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CHA P. XII.

ORLA.

ORLANDO

HO's there?

ADAM. What! my young mafter? Oh

my gentle mafter,

Oh, my fweet mafter, O you memory

WE

AND ADA M..

Of old Sir Rowland! Why, what makes you here?
Why are you virtuous? Why do people love you?
And wherefore are you gentle, ftrong, and valiant?
Why would you be fo fond to overcome
The bony prifer of the humourous Duke?

Your praife is come too swiftly home before you.
Know you not, mafter, to fome kind of men
Their graces ferve them but as enemies?

Nor more do your's; your virtues, gentle mafter,
Are fanctified and holy traitors to you.

Oh, what a world is this, when what is comely
Invenoms him that bears it!

ORLA. Why, what's the matter?

ADAM. O unhappy youth,

Come not within thefe doors; within this roof
The enemy of all your graces lives:

Your brother(no; no brother; yet the fon,-
Yet not the fon; I will not call him fon

Of him I was about to call his father,)
Hath heard your praises, and this night he means
To burn the lodging where you use to lie,

And you within it; if he fail of that,
He will have other means to cut you off;
I overheard him, and his practices:

This is no palace, this houfe is but a butchery;
Abhor it, fear it, do not enter it.

ORLA. Why, whither, Adam, wouldft thou have me go? ADAM. No matter whither, fo you come not here. ORLA. What would'st thou have me go and beg my food? Or with a base and boisterous fword enforce

A thievish living on the common road?

This must I do, or know not what to do:
Yet this I will not do, do how I can ;
I rather will fubject me to the malice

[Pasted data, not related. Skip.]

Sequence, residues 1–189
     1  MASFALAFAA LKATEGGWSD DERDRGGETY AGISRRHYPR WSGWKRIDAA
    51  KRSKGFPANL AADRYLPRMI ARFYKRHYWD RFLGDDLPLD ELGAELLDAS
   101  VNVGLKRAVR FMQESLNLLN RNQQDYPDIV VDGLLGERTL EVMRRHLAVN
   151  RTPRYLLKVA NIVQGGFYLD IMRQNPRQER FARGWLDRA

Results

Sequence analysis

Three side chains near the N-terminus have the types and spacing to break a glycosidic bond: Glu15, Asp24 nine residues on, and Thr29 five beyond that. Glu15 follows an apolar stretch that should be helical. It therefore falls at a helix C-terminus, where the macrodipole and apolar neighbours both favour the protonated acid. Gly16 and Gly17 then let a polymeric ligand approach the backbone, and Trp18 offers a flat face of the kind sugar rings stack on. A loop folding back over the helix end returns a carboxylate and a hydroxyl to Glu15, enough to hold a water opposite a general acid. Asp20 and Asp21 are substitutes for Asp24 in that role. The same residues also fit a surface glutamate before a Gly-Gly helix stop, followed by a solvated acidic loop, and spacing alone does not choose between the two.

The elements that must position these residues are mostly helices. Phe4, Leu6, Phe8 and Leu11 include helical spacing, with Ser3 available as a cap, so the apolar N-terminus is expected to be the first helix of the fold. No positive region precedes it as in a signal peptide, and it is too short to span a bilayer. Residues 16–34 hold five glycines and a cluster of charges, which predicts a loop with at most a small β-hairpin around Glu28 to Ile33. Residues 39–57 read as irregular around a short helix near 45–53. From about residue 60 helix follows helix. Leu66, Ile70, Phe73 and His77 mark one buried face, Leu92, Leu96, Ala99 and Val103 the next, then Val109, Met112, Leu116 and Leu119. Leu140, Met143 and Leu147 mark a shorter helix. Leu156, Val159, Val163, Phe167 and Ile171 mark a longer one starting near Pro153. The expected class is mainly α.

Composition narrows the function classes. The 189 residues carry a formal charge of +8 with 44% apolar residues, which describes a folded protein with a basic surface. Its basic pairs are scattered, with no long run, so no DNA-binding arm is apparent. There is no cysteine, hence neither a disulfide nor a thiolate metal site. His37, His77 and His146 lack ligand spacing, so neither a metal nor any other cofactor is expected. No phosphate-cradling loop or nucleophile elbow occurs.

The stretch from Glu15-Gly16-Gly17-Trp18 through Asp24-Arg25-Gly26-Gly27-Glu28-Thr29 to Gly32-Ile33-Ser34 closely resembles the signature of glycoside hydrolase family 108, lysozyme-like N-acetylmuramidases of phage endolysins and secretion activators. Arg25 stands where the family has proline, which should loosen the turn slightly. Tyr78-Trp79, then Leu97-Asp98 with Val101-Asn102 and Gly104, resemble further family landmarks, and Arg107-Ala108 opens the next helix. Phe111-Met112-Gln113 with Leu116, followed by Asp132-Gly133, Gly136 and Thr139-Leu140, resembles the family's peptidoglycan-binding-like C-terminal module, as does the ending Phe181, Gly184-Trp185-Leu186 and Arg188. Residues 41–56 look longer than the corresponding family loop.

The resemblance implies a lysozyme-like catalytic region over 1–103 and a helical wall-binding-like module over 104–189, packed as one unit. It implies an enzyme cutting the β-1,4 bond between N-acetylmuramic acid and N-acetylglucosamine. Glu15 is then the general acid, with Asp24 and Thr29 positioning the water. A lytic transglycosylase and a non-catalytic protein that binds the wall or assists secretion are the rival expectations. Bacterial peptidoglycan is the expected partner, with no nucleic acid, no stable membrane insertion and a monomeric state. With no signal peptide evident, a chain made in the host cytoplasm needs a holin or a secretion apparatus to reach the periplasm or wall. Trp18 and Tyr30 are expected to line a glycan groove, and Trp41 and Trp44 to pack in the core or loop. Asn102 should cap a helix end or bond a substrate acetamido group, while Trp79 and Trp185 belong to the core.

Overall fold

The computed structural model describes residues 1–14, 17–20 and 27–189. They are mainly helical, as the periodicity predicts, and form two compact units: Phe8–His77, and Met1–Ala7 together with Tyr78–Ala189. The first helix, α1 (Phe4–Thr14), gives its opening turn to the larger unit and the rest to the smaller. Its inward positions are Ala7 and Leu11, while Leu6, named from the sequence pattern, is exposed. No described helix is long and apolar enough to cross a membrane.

Of a diverted blood, and bloody brother.

ADAM. But do not fo; I have five hundred crowns,
The thrifty hire I fav'd under your father,
Which I did store, to be my fofter-nurse
When service should in my old limbs lie lame,
And unregarded age in corners thrown:
Take that; and he that doth the ravens feed,
Yea, providently caters for the fparrow,
Be comfort to my age! here is the gold,
All this I give you, let me be your fervant;
Though I look old, yet I am strong and lufty;
For in my youth I never did apply
Hot and rebellious liquors in my blood;
Nor did I with unbafhful forehead woo
The means of weakness and debility;
Therefore my age is as a lufty winter,
Frofty, but kindly; let me go with you;

I'll do the fervice of a younger man

In all your bufinefs and neceffities.

ORLA. Oh! good old man, how well in the appears

The conftant fervice of the antique world;
When fervice fweat for duty, not for meed!

Thou

Thou art not for the fashion of these times,
Where none will sweat but for promotion;
And having that do choak their service up
Even with the having; it is not fo with thee;
But, poor
old man, thou prun'st a rotten tree,
That cannot fo much as a bloffom yield,
In lieu of all thy pains and husbandry.

But come thy ways, we'll go along together;
And ere we have thy youthful wages spent,
We'll light upon fome settled low content.

ADAM. Master, go on; and I will follow thee
To the laft gafp, with truth and loyalty;
From feventeen years till now, almost fourscore,
Here lived I, but now live here no more.
At feventeen years, many their fortunes feek,
But at fourfcore, it is too late a week;